On board the USS Zumwalt, the Navy's brand new, $4 billion battleship

Navy's new battleship
Navy's new battleship 02:19

ABOARD THE USS ZUMWALT -- There has never been a Navy destroyer like this -- never one that looked like this and never one that cost so much.

The look is easy to explain; The ship is designed to be stealthy. All of its sharp angles are meant to deflect radar beams sent out by anyone trying to find it.

The USS Zumwalt CBS News

“The ship has a radar cross section one-fiftieth of its previous classes of destroyers,” said its captain, James Kirk.

Kirk took CBS News aboard the USS Zumwalt on its journey from Norfolk, Virginia up the Chesapeake Bay to Baltimore, where on Saturday it will be commissioned as a ship of the line.

Capt. James Kirk CBS News

It is chock full of new technologies, which allow the 600-foot vessel to be manned by just 147 sailors.

“Previous class of destroyers have about 300 sailors, so we have about half the number of sailors running a ship that’s one and a half times the size,” Kirk said.

Among the new technologies are automated gun mounts. Gun barrels are hidden from sight to be stealthy, but can hurl a satellite-guided shell more than 60 miles.

The Zumwalt has a huge amount of space for a Navy warship, which allows the crew to bring the ammunition in on a forklift, and an elevator takes the ammunition down to the magazine and the rounds are then automatically loaded into the gun.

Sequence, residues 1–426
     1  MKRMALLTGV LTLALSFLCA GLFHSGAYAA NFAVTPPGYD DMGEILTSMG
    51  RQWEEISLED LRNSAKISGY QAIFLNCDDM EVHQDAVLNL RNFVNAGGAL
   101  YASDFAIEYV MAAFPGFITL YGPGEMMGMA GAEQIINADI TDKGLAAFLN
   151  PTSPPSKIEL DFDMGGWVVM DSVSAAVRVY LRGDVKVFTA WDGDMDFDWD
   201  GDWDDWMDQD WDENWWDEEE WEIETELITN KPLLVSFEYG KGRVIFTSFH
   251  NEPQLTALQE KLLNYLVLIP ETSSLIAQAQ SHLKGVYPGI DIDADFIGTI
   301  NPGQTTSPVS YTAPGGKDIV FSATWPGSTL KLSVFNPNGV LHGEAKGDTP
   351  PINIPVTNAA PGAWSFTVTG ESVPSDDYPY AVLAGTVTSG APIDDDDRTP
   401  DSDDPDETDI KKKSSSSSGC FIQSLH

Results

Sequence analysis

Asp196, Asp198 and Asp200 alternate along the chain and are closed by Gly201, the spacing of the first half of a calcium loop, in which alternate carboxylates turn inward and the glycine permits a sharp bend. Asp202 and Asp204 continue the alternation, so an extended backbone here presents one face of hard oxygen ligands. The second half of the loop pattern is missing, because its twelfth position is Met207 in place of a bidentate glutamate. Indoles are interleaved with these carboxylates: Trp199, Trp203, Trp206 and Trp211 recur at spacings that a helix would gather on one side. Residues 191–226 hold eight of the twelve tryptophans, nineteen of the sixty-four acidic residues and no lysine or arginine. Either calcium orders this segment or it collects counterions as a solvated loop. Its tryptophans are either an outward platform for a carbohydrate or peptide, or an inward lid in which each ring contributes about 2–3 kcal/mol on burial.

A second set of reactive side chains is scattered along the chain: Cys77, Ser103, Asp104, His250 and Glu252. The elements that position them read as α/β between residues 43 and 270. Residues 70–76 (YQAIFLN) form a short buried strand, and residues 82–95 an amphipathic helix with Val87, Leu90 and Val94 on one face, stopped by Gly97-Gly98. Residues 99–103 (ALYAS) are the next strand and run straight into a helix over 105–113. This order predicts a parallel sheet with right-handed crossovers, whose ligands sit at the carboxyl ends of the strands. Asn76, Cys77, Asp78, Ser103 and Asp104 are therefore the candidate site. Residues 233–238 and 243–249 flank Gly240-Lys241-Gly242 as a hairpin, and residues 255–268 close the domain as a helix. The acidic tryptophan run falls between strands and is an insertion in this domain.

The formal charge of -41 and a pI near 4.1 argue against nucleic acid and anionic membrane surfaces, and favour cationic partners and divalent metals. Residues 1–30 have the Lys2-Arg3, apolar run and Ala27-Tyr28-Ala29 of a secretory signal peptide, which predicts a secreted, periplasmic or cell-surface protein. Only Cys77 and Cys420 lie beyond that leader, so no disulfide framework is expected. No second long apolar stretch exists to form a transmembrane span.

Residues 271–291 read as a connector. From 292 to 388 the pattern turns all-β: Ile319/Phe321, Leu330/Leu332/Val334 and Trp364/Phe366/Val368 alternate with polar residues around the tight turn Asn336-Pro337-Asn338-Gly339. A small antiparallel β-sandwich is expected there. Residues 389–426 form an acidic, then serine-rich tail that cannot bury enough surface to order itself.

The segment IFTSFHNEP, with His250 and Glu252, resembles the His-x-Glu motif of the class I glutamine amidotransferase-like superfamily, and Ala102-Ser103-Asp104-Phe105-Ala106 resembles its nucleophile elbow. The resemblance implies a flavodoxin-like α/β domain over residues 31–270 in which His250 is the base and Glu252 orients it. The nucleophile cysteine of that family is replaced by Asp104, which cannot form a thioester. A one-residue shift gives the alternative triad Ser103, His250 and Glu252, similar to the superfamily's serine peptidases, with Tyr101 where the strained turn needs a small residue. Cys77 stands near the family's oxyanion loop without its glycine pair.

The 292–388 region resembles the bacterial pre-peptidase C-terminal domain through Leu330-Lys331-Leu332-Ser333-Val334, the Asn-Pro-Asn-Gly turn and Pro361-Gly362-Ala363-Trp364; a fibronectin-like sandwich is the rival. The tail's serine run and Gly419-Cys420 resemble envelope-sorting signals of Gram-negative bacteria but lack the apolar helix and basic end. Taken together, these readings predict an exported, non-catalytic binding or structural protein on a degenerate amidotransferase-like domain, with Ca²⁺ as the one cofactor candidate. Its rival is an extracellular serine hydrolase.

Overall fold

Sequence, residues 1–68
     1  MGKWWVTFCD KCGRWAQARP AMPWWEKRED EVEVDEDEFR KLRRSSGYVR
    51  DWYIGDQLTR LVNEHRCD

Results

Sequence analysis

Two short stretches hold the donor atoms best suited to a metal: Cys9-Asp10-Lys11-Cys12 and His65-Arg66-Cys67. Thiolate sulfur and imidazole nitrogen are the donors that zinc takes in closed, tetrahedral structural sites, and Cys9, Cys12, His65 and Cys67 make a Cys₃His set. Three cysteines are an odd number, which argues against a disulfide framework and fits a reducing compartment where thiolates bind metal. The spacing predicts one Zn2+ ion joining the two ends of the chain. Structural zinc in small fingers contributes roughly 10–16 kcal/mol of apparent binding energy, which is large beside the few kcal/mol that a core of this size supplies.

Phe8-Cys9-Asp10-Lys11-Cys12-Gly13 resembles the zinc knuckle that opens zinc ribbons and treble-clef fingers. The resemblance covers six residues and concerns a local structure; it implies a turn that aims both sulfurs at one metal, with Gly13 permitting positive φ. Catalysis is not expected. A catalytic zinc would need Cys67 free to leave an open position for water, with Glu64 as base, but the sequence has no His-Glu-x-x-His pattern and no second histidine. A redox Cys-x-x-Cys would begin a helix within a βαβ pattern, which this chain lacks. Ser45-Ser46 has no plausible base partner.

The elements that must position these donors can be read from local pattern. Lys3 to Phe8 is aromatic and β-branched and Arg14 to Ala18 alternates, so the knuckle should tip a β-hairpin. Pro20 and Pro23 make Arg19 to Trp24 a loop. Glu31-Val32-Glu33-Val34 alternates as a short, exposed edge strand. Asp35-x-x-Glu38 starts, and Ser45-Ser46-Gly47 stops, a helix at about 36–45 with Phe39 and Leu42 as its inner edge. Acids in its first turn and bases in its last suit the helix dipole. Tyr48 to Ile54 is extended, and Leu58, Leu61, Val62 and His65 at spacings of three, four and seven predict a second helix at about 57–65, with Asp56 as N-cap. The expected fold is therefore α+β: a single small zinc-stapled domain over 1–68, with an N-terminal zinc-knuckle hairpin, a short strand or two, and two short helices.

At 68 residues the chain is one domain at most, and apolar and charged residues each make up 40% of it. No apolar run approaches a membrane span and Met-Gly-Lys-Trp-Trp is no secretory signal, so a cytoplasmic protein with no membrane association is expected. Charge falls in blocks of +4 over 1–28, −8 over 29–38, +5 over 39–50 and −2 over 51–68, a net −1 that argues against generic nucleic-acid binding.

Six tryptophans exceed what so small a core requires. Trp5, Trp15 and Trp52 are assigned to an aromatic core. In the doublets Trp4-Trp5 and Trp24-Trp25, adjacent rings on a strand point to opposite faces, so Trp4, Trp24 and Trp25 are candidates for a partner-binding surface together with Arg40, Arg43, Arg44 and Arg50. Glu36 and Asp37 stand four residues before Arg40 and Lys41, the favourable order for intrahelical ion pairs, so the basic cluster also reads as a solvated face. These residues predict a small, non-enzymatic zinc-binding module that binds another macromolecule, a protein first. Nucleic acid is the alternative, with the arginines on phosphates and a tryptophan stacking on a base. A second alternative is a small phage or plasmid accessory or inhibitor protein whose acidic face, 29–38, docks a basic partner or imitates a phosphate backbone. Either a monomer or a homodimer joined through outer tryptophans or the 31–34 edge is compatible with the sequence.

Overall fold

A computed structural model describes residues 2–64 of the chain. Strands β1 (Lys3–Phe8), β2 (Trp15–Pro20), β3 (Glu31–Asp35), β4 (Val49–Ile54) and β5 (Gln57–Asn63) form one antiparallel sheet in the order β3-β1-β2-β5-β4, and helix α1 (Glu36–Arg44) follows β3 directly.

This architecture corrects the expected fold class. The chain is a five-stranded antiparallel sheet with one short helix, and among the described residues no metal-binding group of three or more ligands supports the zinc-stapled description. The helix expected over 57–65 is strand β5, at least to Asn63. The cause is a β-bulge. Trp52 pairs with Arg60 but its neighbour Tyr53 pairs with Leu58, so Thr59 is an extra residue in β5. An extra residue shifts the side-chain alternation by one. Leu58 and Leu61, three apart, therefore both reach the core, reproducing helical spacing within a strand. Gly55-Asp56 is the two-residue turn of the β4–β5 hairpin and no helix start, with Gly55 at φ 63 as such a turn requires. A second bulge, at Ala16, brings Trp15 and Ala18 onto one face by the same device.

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The Zumwalt is a battleship for the 21st century, designed to strike targets in a country like North Korea, according to Ron O’Rourke of the Congressional Research Service.

“With their guns, they could reach in from either side of the peninsula, pretty far in, to cover a large portion of the territory of the peninsula,” O’Rourke said.

But the new technologies kept driving the cost up, and the number of ships the Navy could afford down from 32 to just three. That explains why the Zumwalt alone cost an astronomical $4 billion. It’s now up to the ship’s crew to make the Navy’s newest destroyer pay off.

  • David Martin

    David Martin is CBS News' National Security Correspondent.